Natural compounds for controlling Drosophila suzukii. A review.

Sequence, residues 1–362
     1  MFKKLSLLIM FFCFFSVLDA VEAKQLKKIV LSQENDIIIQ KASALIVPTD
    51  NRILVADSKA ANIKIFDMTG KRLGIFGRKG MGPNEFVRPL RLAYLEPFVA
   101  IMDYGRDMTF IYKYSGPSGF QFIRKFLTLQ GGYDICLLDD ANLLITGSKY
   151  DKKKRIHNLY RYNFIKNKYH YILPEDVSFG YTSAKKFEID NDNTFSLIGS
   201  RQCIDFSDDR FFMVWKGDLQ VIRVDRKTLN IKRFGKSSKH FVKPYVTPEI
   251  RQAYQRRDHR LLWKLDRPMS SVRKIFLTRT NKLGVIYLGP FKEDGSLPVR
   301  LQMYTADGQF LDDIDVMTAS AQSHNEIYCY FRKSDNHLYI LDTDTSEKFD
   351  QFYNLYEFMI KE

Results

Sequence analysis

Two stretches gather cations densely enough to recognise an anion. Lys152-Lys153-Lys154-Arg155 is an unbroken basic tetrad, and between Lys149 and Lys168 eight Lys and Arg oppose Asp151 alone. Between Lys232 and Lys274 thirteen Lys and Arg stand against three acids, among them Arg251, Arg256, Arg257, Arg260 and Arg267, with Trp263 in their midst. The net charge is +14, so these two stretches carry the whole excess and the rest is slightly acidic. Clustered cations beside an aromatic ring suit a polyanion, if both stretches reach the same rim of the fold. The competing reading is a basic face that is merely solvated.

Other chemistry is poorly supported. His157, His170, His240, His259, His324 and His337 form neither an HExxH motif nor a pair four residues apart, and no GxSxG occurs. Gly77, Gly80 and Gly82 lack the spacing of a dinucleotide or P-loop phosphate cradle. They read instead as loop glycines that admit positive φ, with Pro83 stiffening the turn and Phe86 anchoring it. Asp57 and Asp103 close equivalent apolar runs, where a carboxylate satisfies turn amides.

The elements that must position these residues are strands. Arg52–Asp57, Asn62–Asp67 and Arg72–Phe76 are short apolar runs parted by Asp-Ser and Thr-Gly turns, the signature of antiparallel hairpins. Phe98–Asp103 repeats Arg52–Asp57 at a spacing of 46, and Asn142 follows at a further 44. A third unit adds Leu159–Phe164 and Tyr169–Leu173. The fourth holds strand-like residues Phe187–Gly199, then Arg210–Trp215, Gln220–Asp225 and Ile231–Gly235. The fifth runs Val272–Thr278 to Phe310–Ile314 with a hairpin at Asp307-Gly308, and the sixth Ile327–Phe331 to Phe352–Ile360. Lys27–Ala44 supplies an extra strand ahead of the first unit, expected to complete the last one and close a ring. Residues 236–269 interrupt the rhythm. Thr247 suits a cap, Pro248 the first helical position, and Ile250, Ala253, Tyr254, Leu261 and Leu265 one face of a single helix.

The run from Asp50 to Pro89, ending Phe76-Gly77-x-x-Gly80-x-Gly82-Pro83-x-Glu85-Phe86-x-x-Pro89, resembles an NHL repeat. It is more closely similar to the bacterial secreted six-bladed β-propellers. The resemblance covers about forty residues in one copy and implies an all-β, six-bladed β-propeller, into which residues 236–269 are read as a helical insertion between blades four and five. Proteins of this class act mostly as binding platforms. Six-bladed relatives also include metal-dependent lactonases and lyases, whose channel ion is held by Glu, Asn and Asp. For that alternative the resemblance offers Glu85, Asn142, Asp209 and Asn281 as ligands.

The drosophilid fly Drosophila suzukii is an invasive pest that has recently started threatening fruit production in Europe. In contrast to many other fruit flies, D. suzukii is able to lay eggs in ripening and mature fruits where larvae develop, rendering fruits unmarketable. This preference for ripening fruit requires pest control shortly before harvest, implying a high risk of residues on the fruit if synthetic insecticides are used. As the current management practices largely rely on chemical control, the need for alternative solutions has emerged. Here, we review the studies published up to now on the efficacy of natural compounds against D. suzukii. Several natural compounds were identified that act as repellents, contact or ingestion toxicants, fumigants, ovicides or oviposition deterrents. The most promising compounds of each group were (i) essential oils (EOs) such as the EO of thyme or its major ingredient thymol which repelled flies from fresh fruits for at least 24 h; (ii) Leptospermum ericoides and L. scoparium EOs, which expressed contact toxicity at a LD50 <1.2 µg/fly; (iii) the combination of erythritol and sucrose, which was a potent ingestion toxicant against adults and (iv) a chitinase from Euphorbia characias against larvae (both of the latter two resulted in 100% mortality); (v) the EO ingredients perilla aldehyde, geranial and neral showed the highest insecticidal activities as fumigants (LC50 <1.52 mg/l air for males and 2.6 mg/l air for females) and (vi) powdered sulphur was reported to be the most efficient oviposition deterrent, reducing the number of eggs deposited into the fruits by 76%. To enable a wider use of the natural compounds in sustainable agriculture, more information on (i) potential effects on non-target organisms, (ii) field performance and (iii) life cycle analyses results is currently needed.